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Going to Record for First Time in A Long Time..

Discussion in 'Band Management [BG]' started by Dave44, Mar 10, 2003.

  1. I just need a what to expect, as well as what should I bring with me beside my axe.
  2. SMASH

    SMASH Guest

    Jan 18, 2000
    Hmmm ... I was going to move this but dunno where else it good go. Normally in "Technique" or "Recording Gear and Equipment" but I figure it's just as apropriate here.

    There have been some informative threads done on this topic before though, so read these and if you have any more questions then ask away.

    To get good answers though, you might want to ask a much more specific question. What style? What bass? What studio? How much time? etc. etc. etc. etc. ...








    Search on "recording".
  3. Munjibunga

    Munjibunga Total Hyper-Elite Member Gold Supporting Member

    May 6, 2000
    San Diego (when not at Groom Lake)
    Independent Contractor to Bass San Diego
    We just recorded last week, and did mixdown last night. I was reminded of a very important aspect of recording bass. Don't EQ it. Go in straight and flat. We recorded Take it Easy, and I went through my Avalon U5 to the board. When we do this live, I usually boost the bass a bit and back off the mids, so I left my 55-94 essentially flat, and set the U5 tone switch to #2, the "smiley face". When we mixed down, it sounded like someone had turned loose a tone-sucking muff monster in the mix. No amount of EQ could restore the mids I needed to cut through. Fortunately, I had my bass there, and I went straight into the board with no EQ, laid down a new track, and got a really tasty sound in the mix.

    What really bugs me is that I knew better. Bottom line, heed these words.
  4. SMASH

    SMASH Guest

    Jan 18, 2000
    Munji - what I do to avoid that problem is record one track with "my" tone (fairly dark/deep) that I know works for the song normally, and another two tracks of DI clean or a grinding tone that has more of the overtones, fret noise, etc, and the mix that in as the track requires in mixdown.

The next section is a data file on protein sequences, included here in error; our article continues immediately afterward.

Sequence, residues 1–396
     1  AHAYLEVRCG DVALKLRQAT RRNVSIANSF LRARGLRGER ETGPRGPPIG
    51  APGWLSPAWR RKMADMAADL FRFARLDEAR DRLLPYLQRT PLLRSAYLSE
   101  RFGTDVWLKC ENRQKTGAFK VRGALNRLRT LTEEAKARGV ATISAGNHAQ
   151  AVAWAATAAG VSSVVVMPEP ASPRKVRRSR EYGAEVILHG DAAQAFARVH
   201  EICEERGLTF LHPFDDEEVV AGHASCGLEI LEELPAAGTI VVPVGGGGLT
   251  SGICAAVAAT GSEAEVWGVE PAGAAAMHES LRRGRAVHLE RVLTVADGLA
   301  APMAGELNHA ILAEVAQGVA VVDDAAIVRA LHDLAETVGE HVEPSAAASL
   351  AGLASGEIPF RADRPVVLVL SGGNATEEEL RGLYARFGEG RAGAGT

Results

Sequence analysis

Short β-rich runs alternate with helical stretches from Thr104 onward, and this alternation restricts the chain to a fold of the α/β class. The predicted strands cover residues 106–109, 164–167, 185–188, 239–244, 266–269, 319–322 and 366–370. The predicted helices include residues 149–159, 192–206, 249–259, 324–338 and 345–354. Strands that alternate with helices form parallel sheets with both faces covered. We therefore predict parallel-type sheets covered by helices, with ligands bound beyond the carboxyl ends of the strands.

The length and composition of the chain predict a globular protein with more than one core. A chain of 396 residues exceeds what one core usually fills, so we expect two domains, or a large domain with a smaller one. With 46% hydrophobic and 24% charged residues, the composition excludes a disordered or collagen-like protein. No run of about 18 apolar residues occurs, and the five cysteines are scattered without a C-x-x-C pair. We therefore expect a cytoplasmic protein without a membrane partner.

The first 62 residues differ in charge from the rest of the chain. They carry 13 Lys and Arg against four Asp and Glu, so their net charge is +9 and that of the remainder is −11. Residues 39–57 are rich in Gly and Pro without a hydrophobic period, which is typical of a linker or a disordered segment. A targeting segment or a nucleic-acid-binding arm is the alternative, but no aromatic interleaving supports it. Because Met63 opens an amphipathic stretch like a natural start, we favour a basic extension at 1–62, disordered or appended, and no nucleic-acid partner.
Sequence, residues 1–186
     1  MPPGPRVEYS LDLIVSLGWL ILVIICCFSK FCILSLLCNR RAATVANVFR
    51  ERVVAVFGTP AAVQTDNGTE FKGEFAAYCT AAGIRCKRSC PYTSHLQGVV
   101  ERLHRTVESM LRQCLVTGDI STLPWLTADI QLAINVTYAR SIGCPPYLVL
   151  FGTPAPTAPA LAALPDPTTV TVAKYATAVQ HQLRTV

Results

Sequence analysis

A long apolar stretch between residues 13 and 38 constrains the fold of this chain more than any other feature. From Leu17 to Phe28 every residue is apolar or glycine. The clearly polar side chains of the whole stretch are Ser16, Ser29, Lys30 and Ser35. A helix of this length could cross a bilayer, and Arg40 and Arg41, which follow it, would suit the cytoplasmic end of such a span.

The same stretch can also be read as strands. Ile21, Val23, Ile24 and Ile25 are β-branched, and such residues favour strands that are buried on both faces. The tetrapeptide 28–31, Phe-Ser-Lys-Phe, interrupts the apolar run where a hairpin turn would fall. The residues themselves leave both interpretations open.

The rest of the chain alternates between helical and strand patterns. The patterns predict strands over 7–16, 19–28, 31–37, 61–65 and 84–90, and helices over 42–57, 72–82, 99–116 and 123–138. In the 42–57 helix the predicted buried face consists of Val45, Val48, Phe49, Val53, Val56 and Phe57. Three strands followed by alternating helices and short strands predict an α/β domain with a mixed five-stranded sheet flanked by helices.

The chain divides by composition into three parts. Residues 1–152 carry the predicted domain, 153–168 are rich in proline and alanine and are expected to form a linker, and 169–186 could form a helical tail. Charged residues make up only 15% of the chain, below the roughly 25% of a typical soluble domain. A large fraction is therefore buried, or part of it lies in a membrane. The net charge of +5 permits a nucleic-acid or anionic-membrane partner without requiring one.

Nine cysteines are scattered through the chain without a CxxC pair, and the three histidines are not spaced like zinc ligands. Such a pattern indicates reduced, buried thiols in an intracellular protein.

Especially if you add instrumentation to a song that you don't normally have, it's good to have the option to thereby shift the bass to different sonic spots.
  5. Munji, that sounds like the ticket going straight into the board and handling the bass EQ with the mixdown. Question for you, Do Recording studio's give you the master as well as their mixdown? So if I don't like the mixdown can take the master and hand it off to another source for a new mixdown?..... I know get it in writing before you start.
  6. SMASH

    SMASH Guest

    Jan 18, 2000

    I'll throw my two bits in. The master tapes are usually owned by whomever paid for them. Mixes too, really. Just work it out ahead of time if there's any uncertainty.
  7. dogboy87


    Nov 6, 2005
    I prefer to go direct into the board and then later reamp. This way I have two tracks that are straight in and can fiddle around with an addition one or two tracks from an amplifier. I can make amp EQ decisions based on everything else that's going on in the mix or I can just leave it all out.
  8. dadodetres


    Dec 19, 2004
    In my experience the best way for plug-n-play is to record directly plugging the bass in the board. If you have a preamp you like/use plug your bass in the preamp and the pre`s out into the audio card (AD interface). Apply the less EQ the better, of the LESS effect/distortion/etc the better, UNLESS you KNOW for CERTAIN what you are doing.

    If you have time and whant to nail THAT spefic sound, try as muych as you can. Direct or cab micing with as many microphones and positions you can, or both if you have the channels.

    Always try to monitor yourself when you are recording using the best studio monitors posible. If this is not an option, try ones that can handle low frequencys as low as your bass goes. And avoid using monitors that have THAT particulas sound independently of what music is played there.